Natal Command was well guarded, and sentries challenged most people who entered. Our department was locked each evening, and it was about twenty-five metres at most from where the sentries stood. Once the Military Police used a key to get into our department and look around. Apparently they found a file which had been left in a desk and not locked away. They left a note saying that if this happened again, the officer in question would be charged. I think it was aimed at me, but no such file was ever produced.

Quintin was very annoyed with this, and complained that he should be present if such a search was conducted, because the material was medically confidential, and as such, not solely under the jurisdiction of the Military Police.

"In Transactional Analysis terms, the army is run very much on an Authoritarian parent to naughty (guilty) child relationship. When I was down at Natal Command (Durban), we heard that the Colonel was coming on a surprise inspection, and we all stole back to our offices like naughty school boys who had been bunking because we had stayed an extra few minutes at tea."


"I reported for duty in Durban fully expecting to live in the officers quarters, and return to Pietermaritzburg once or twice a month. That was before I saw the officers' mess. There is some friction between the Army and the Medics (except when they need us!), and the army do not want medics officers staying in their mess, so we have quarters with our troops ('other ranks') in what used to be a prison."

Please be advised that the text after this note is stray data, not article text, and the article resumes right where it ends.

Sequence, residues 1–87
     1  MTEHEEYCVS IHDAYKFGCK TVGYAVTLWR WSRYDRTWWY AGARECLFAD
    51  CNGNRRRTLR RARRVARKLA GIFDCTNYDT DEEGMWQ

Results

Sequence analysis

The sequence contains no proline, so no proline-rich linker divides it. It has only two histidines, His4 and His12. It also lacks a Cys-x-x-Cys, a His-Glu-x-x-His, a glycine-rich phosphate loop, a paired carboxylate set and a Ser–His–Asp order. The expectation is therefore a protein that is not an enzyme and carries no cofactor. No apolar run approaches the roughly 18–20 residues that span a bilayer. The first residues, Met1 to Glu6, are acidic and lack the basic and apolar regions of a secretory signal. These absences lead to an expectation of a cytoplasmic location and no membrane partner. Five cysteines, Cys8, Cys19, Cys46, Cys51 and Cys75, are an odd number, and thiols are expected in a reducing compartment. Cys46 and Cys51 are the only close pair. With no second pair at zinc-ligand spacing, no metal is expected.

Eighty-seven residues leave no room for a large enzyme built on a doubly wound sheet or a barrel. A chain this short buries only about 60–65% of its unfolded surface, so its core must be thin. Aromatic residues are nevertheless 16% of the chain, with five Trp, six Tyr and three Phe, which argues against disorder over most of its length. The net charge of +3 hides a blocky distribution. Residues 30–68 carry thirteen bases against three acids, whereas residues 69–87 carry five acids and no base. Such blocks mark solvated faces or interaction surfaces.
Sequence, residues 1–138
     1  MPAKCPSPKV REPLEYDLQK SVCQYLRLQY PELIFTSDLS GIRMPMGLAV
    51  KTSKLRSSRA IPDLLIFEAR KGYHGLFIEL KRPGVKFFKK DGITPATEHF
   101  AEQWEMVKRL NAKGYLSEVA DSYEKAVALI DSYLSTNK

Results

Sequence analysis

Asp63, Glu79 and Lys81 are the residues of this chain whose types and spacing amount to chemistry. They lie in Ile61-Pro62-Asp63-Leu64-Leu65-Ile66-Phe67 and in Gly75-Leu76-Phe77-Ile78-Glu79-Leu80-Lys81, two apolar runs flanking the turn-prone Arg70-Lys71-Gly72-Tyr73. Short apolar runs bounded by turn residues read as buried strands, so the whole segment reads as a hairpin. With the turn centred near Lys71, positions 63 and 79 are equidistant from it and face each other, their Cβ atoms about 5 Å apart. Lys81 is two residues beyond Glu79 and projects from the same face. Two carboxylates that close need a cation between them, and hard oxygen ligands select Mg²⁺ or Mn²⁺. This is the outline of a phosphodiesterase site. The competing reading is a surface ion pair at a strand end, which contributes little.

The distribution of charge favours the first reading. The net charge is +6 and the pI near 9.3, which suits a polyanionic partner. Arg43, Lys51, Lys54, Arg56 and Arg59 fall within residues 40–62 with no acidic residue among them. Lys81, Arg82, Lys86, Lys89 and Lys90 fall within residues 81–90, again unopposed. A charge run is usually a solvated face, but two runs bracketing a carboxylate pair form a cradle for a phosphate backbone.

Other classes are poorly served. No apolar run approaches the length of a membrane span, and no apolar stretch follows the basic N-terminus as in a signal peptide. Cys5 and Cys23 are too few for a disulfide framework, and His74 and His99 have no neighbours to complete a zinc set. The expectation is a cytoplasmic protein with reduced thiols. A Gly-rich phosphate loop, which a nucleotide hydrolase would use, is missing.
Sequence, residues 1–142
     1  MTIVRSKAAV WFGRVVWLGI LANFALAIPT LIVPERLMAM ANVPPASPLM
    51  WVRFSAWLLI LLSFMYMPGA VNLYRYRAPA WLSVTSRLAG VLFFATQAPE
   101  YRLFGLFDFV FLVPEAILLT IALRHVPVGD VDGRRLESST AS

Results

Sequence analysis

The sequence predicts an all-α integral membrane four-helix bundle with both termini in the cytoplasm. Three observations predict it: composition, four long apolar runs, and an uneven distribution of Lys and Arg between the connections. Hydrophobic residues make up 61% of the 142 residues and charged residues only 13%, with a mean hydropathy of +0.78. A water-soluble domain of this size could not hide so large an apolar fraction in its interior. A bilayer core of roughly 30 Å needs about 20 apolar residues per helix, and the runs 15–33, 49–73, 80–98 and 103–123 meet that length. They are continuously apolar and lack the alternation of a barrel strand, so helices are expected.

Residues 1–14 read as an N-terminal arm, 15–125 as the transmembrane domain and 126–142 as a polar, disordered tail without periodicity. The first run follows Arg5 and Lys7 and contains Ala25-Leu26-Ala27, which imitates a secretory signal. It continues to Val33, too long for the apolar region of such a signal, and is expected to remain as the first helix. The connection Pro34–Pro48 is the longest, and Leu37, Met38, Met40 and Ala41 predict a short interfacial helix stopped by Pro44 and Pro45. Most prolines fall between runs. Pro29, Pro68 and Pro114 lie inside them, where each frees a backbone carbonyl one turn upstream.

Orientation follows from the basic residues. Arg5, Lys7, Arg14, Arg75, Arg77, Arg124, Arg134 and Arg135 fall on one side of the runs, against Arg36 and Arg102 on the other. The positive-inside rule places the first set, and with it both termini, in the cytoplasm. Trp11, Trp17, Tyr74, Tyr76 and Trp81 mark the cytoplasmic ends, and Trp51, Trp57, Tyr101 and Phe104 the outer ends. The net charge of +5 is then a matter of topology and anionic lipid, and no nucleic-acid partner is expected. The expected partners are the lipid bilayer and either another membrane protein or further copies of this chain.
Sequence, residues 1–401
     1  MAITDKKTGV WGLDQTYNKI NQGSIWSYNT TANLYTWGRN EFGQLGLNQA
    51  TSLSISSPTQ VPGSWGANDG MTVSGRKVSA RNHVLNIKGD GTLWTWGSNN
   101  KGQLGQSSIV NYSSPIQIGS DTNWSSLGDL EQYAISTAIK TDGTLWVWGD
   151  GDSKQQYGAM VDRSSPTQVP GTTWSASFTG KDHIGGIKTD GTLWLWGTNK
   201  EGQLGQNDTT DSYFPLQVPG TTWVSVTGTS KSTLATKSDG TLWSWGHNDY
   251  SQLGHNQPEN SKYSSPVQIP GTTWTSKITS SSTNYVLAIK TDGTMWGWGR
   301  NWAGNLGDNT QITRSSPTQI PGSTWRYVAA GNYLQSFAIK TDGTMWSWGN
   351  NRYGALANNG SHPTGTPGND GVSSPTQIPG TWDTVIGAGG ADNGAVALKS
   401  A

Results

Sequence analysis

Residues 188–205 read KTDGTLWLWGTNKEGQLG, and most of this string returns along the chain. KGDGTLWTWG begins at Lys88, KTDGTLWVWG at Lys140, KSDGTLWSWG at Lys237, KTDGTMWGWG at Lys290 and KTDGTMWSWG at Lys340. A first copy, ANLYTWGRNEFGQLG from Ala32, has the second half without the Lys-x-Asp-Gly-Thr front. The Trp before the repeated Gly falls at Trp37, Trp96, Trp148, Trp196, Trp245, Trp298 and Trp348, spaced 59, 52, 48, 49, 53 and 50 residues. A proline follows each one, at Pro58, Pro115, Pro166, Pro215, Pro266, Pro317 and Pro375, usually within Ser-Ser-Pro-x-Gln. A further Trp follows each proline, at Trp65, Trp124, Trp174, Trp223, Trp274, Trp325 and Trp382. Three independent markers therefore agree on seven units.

"I was shown to a large room which was to be my home - 'large' was the only decent thing about it. The walls had been freshly painted about forty years ago, and were coloured a pale green, and appeared to have slime running down them. (Geckos suddenly found that the suction cups under their feet were useless on the slime as they plummeted to their deaths!) The curtain rails were deformed, and the curtains were not wide enough to cover the window. There was a large window without any burglar bars looking out on a jungle of a non-maintained garden."

To get to the showers and toilets one had to walk out of the building and along an open veranda. The washrooms were shared by the officers with the gardeners and other labourers, and were very run down. The wash rooms were also used to store gardening tools and bags of fertiliser. We were also about four metres away from the privates and NCO's quarters; most of whom were about nineteen, and they enjoy all night parties and play their music loudly. (Maybe it was their parties for which the Medics officers received the dressing down from Colonel Landman?)